LONDON (Reuters) - Using a robot to operate a camera in gall bladder operations is as safe as working with a human, British researchers said on Wednesday in an analysis that underscores the effectiveness of robot technology in surgery.
While robots may not be ready to take over, they offer vast potential to do things such as allowing doctors to perform emergency operations without having to wait for a human assistant, Kurinchi Gurusamy of the Royal Free Hospital in London and colleagues said in the Cochrane Review journal.
The researchers looked at key-hole, or laparoscopic, surgery in which an assistant operates a camera that acts as the surgeon’s eyes during gall bladder removal. The surgery is quite common in the developing world where about 10 to 15 percent of people develop gallstones.
Robots are already used in tens of thousands of different procedures each year, and experts predict machines will increasingly take a bigger role in the operating room, boosting understaffed hospitals worldwide.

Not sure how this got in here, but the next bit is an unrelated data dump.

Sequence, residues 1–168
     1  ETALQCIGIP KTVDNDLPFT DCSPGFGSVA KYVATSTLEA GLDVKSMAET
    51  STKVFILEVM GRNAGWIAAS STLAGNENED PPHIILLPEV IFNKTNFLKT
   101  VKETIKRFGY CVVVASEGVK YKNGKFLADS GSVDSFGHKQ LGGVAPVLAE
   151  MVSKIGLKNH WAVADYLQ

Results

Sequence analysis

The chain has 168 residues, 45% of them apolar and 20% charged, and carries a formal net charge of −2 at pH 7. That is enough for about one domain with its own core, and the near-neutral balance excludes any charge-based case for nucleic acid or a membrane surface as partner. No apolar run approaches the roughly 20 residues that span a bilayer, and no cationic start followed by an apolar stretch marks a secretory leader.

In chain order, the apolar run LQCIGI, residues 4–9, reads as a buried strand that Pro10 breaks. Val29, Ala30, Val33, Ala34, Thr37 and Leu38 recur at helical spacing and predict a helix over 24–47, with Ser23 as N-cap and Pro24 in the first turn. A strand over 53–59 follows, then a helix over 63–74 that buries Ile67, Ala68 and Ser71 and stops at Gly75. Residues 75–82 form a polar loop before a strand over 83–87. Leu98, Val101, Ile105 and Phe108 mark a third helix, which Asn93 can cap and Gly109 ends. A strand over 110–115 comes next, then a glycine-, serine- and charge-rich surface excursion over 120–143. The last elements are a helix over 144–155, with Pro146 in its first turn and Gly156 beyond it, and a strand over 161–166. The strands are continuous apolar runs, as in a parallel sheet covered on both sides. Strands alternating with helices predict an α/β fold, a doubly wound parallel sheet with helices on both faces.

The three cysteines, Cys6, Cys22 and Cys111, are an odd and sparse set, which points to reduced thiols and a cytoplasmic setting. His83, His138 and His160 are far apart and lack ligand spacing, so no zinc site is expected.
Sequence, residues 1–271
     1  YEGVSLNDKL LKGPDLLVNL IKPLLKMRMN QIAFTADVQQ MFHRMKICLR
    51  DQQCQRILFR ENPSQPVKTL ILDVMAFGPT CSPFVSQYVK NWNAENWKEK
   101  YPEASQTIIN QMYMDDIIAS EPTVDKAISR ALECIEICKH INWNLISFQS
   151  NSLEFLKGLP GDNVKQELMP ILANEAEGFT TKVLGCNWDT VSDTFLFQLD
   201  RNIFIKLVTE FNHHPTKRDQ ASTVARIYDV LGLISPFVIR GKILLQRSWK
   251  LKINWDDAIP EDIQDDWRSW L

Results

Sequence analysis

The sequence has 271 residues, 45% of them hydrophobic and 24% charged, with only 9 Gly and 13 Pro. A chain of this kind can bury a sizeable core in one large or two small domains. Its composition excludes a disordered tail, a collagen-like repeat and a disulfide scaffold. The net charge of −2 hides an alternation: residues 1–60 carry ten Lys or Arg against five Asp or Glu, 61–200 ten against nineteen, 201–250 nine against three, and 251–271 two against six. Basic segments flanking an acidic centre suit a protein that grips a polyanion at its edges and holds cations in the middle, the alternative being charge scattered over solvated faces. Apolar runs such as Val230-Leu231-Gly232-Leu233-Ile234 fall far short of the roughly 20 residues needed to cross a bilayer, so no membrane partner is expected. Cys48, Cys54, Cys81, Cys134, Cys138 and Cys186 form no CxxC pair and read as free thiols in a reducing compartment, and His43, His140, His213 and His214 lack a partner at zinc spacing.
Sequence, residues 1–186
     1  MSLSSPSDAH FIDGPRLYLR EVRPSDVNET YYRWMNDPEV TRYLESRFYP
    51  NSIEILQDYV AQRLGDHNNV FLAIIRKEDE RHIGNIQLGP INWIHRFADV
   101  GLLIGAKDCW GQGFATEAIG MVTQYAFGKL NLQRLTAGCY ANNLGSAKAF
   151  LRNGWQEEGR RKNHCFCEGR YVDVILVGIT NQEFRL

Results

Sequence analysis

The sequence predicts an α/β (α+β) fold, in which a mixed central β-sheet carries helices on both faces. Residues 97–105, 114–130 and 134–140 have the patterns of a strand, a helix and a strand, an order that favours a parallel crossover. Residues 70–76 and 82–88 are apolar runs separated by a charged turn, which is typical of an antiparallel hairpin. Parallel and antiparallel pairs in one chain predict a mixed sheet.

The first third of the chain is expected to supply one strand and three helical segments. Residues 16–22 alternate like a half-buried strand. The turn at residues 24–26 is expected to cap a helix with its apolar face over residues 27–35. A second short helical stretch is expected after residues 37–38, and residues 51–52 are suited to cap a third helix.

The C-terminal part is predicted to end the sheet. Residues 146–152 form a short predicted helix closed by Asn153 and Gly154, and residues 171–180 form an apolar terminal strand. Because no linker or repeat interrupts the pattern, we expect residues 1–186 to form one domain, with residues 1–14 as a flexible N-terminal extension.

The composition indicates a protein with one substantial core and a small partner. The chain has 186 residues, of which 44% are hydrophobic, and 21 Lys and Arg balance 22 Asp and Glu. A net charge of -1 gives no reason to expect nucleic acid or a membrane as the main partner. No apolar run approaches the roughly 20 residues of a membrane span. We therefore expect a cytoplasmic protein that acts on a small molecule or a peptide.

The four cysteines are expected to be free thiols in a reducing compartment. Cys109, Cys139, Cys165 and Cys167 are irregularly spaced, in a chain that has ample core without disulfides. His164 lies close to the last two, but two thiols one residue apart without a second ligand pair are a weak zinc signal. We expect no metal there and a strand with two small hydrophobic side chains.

The review looked at different technologies, including Intuitive Surgical Inc’s market-leading da Vinci system, and found no differences in deaths, the need to switch to more complicated surgery, total operating time, or length of stay in hospital.
To see how well robots performed the job in place of humans, Gurusamy and colleagues analyzed data from five studies involving 453 people. The results showed no appreciable difference in the number of gall bladders that broke during surgery.
Some critics question the cost-effectiveness of robots when other treatments, such as cancer drugs, are being rationed. But proponents note prices will inevitably fall as usage and competition increase, as happened with once-costly computers.
Reporting by Michael Kahn; Editing by Louise Ireland